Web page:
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McAlpine v. Garfield Water Commission

Decided: September 12, 1946.

JAMES MCALPINE, PROSECUTOR,
v.
GARFIELD WATER COMMISSION, DEFENDANT



On writ of certiorari.

For the prosecutor, Richard J. Baker.

For the defendant, Henry L. Janowski and Dominick F. Pachella.

Before Justices Donges, Heher and Colie.

Donges

The opinion of the court was delivered by

DONGES, J. This writ of certiorari brings up for review a resolution of the defendant, Garfield Water Commission, adjudging the prosecutor, James McAlpine, guilty of negligence in the performance of his duties as water superintendent of the City of Garfield and discharging him from that office.

By virtue of R.S. 58:11-18.7 prosecutor, having occupied his office for more than five years, had tenure of office and could be removed only after a finding of guilty upon charges served and after a fair and impartial hearing thereon.

Charges were served which contained twenty specifications of alleged derelictions of duty. Hearings were held at which testimony was introduced in support of the charges. Prosecutor was represented by counsel who cross-examined the various witnesses and actively participated in the trial. At the conclusion of the testimony in support of the charges, the prosecutor presented the brief testimony of one witness and, at the next hearing, moved for dismissal or a mistrial upon the ground that one member of the defendant commission had been absent from two of the sessions. Upon the denial of this motion prosecutor, through his counsel, declined to participate further in the hearings and consequently there was no testimony at all offered in contradiction of that in support of the charges and no testimony in an attempt to justify the conduct of the prosecutor in his office as water superintendent.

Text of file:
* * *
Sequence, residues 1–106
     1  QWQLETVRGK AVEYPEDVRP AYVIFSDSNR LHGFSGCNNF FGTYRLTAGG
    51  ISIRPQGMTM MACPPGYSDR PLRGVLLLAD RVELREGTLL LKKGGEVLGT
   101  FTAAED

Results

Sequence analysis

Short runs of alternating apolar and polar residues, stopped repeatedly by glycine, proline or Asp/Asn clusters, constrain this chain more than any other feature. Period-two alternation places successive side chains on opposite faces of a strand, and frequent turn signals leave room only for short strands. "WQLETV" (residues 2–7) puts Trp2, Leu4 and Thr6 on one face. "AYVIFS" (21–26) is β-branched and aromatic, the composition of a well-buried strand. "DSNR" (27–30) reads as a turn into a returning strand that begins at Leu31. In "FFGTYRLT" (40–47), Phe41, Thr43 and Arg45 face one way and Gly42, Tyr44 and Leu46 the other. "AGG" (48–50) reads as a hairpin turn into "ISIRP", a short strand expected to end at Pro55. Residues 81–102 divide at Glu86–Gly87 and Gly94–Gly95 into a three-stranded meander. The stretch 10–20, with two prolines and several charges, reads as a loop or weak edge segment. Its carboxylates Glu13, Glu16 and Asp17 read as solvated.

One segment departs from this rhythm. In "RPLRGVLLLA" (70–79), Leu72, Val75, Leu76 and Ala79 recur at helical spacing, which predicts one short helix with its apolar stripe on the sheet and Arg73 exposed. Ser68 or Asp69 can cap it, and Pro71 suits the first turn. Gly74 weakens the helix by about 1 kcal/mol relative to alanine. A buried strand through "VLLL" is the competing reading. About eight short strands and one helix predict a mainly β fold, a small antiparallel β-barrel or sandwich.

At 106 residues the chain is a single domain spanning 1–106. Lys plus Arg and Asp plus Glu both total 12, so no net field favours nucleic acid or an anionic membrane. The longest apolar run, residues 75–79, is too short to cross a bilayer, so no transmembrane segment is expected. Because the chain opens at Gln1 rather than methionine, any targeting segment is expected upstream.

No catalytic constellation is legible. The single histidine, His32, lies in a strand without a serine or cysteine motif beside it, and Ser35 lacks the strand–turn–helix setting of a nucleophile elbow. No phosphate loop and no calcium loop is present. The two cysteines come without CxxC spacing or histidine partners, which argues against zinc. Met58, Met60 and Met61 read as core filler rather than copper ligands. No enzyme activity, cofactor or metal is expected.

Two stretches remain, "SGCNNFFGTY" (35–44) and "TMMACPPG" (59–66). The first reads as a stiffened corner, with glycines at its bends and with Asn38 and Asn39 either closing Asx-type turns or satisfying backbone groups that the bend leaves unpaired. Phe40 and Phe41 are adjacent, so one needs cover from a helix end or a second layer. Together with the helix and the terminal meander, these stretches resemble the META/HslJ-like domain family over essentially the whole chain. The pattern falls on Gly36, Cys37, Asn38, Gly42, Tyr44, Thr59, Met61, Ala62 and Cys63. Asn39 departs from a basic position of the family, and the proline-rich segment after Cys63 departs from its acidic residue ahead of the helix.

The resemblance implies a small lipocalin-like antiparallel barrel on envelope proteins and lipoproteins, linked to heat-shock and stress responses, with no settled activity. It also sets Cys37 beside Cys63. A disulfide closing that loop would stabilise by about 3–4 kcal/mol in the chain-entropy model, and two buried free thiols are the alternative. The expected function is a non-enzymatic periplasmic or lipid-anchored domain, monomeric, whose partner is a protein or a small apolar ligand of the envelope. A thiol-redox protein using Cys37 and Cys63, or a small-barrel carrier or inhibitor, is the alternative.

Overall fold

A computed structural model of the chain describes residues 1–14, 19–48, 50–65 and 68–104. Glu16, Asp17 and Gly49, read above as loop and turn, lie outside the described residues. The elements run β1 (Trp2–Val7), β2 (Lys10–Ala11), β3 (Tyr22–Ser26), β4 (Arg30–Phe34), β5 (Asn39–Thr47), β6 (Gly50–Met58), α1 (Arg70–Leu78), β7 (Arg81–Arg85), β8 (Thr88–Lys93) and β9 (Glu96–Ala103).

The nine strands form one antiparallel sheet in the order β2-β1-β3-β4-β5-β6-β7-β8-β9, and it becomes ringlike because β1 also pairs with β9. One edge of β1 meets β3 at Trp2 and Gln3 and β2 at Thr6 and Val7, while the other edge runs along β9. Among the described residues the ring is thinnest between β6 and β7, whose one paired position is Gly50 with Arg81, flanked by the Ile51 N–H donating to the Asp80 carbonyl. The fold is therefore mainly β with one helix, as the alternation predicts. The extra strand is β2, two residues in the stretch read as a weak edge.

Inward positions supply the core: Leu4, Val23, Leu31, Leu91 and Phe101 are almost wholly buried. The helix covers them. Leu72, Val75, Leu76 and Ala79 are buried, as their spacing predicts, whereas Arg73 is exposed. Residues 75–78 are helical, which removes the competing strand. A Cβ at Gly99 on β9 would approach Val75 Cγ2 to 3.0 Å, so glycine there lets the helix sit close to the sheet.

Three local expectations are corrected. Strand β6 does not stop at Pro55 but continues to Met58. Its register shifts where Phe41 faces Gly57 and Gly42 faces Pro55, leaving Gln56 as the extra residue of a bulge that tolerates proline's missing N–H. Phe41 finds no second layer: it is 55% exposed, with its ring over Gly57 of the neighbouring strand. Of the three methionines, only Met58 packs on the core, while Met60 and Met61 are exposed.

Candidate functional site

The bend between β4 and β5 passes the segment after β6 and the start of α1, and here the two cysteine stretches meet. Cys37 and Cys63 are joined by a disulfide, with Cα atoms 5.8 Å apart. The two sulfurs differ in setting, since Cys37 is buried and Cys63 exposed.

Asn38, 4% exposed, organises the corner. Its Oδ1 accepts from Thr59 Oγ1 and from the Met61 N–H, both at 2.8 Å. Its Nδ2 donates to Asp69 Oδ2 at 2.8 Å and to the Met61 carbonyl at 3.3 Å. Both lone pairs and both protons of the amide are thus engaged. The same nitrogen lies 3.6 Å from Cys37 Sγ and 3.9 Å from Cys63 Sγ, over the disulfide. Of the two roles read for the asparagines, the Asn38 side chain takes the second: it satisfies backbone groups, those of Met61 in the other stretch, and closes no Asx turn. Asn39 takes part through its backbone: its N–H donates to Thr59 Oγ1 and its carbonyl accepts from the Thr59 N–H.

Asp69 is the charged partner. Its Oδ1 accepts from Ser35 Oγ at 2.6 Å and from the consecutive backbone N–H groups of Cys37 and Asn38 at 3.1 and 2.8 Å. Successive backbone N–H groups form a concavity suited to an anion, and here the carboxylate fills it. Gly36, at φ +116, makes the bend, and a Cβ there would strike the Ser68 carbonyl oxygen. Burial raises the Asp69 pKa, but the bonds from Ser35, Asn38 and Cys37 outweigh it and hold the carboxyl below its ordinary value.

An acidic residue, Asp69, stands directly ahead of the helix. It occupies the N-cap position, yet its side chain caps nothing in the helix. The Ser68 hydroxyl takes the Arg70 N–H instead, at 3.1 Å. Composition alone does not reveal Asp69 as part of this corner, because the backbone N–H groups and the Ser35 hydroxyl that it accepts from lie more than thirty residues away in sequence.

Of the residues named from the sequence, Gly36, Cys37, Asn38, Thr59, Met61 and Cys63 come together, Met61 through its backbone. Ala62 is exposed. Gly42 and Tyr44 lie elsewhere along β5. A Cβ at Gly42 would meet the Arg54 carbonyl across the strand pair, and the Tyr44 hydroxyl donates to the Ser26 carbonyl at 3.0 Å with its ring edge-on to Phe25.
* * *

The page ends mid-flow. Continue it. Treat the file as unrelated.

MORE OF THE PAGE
Upon this certiorari no contention is made that the evidence was insufficient to warrant the finding of guilt made by the commission. Three reasons for reversal were assigned but the first of these, challenging the jurisdiction of the commission, has been abandoned.

The first point argued is based upon reason three "that the said prosecutor was not accorded a fair trial in that the hearing began in the presence of five members of the board and after several witnesses had testified, one of the members became ill and unable to attend and the hearing then proceeded in his absence, during which time other witnesses were heard by only four members of the board. Following this, the fifth member resumed his seat, participated in the hearing, and voted to dismiss the prosecutor from his duties, by reason of which the said absent member of the board who had not heard all the testimony occupied no legal status as arbiter or judge to adjudicate upon the cause."

The hearings were held November 9th, 16th, 17th and 24th, and December 7th, 8th and 9th. On the last mentioned date prosecutor declined to participate further, as above stated. It appears that one of the commissioners did not appear, due to illness, at the hearings of December 7th and 8th, giving rise to the ...


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